Vientiane – the capital of Laos – is a peaceful city located on the Mekong River. With the total area of 3,920 square kilometers and the population of 610,000 people, Vientiane is quite small as compared to Thailand or Hanoi. Vientiane is old – aged city which has more than 400 years of constructing and developing since 16th century.
- Location: on the Mekong river near the border with Thailand, the largest city of Laos
- Status: Laos’ Capital
- Name meaning: the city of sandalwood
- Population: 730,000 people (2005)
- Area: 3,920 kilometers
- Highlights: Combination of traditional and modern architecture; beautiful temples and pagodas
- Lao-Thai friendship bridge
Vientiane is the perfect combination of traditional and modern architecture. In Vientiane, ancient constructions and traditional temples and pagodas harmoniously co-exist with new and modern-constructed buildings. Vientiane is famous for its imbued religious architectural space with various Buddhist temples, pagodas, and monuments such as Buddha Park (Wat Xieng Khuan) contains over 200 unique and diverse Hindu and Buddhist statues, Wat Si Muang – a temple was built on the ruins of a Khmer Hindu shrine, the remains of which can be seen behind the ordination hall and Wat Sisaket – a nearly 200-year-old temple on Lan Xang Road which normally held Emerald Buddha, etc.
Being there, tourists will be immersed in the peaceful and close space and let the burden and worries swept away. However, a cosmopolitan Vientiane with many galleries, boutiques, theaters and night clubs makes it not silent and sleepy. As one said, Vientiane has beauty of three women at three different age. Vientiane has beauty of a reserved and discreet young lady, a worried and careful of married woman and a humble and resigned of old age woman. The mixture makes a Vientiane very typical and very special which will leave unforgettable imprints in tourists’ mind.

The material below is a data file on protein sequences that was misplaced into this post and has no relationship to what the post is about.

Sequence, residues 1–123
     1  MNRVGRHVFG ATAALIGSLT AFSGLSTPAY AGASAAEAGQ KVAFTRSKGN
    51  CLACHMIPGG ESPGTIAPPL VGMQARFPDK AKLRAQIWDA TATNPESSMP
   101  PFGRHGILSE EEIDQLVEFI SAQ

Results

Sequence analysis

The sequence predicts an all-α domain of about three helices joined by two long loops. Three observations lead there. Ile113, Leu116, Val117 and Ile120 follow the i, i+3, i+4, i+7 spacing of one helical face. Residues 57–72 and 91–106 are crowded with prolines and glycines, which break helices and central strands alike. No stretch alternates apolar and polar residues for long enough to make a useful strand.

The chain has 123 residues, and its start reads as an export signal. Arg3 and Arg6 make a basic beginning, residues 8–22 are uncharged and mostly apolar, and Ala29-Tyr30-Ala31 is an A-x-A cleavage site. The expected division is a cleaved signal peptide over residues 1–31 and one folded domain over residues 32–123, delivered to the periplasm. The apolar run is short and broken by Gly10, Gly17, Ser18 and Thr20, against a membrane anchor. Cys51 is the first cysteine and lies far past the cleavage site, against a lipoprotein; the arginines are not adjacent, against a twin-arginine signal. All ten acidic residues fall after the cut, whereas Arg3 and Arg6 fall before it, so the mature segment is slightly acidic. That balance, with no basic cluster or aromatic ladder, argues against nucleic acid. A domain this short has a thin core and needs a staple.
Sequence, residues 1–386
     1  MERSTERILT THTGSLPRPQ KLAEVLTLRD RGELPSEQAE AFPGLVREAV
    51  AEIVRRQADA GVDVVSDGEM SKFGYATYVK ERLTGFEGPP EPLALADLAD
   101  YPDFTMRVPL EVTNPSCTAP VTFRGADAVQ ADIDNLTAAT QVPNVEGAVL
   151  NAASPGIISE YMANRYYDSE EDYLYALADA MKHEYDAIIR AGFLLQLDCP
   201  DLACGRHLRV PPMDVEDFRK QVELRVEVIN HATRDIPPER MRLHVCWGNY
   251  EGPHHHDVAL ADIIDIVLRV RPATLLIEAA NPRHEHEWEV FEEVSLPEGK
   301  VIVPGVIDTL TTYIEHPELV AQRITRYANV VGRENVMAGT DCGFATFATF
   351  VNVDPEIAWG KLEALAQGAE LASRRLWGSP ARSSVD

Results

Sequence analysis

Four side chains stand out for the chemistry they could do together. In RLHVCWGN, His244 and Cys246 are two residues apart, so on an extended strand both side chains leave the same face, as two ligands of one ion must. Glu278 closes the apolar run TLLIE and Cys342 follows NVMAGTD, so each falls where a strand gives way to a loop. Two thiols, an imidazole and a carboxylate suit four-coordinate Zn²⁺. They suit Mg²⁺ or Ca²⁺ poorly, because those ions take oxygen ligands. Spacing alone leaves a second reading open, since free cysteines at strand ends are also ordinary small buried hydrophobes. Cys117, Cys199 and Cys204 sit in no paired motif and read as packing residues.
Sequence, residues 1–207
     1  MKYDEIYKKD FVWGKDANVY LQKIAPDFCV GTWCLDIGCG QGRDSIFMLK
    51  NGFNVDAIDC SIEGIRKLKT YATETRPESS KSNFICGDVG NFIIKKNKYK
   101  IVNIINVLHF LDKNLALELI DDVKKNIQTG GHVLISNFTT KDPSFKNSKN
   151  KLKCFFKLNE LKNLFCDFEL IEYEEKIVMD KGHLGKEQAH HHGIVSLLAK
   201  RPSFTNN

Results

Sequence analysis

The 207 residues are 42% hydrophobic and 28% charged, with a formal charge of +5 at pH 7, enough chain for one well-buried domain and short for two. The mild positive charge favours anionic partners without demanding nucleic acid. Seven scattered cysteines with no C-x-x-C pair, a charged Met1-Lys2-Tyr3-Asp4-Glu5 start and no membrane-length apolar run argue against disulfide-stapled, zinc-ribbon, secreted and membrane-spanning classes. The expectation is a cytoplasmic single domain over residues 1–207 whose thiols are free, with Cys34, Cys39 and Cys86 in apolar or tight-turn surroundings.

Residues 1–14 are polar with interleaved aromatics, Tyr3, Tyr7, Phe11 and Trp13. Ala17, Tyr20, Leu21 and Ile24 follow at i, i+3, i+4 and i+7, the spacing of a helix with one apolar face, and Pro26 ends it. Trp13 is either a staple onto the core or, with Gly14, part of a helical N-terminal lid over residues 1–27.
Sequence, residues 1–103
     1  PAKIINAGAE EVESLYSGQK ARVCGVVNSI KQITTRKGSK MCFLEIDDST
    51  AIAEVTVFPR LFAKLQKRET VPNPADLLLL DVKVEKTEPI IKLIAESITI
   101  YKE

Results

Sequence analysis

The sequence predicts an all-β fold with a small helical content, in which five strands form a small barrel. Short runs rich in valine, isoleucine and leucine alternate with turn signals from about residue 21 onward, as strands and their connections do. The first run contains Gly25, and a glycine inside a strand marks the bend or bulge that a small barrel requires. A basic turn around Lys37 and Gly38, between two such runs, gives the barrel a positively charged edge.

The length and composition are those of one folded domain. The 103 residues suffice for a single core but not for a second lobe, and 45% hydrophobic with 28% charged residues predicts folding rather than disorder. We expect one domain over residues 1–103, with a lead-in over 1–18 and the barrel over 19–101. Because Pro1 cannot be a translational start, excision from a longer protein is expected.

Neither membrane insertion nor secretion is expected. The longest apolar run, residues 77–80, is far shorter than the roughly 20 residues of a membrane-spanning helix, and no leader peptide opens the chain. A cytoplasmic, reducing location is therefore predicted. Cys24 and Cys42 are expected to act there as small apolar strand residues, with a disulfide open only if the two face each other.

In this devout Buddhist nation, people are incredibly humble and modest. On sunny day, despite the crowded street, people hardly use horn or wriggle which leave nice impression on tourists. Overall, coming to Vientiane like a journey to take back the calm and balance to your soul. Watching amazingly beautiful Buddhist temples and pagodas, feeling the religious space and meeting friendly and modest people will absolutely make tourists pleased and comfortable.
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Vientiane is the capital city of Laos but many visitors here say that is feels more like a small village than a bustling central hub. Vientiane has a relaxed and serene vibe to it and you will find a number of attractions here that make it the perfect place to spend a few days before you head off to other places around the country.
Laos used to be a former French colony and with that in mind you can check out a number of French themed buildings and attractions that seem slightly at odds with the otherwise leafy and exotic surroundings that make up this capital city.
As Vientiane is also on the river, you can stroll along the riverfront promenade and enjoy local markets as well as sample delicious street food snacks.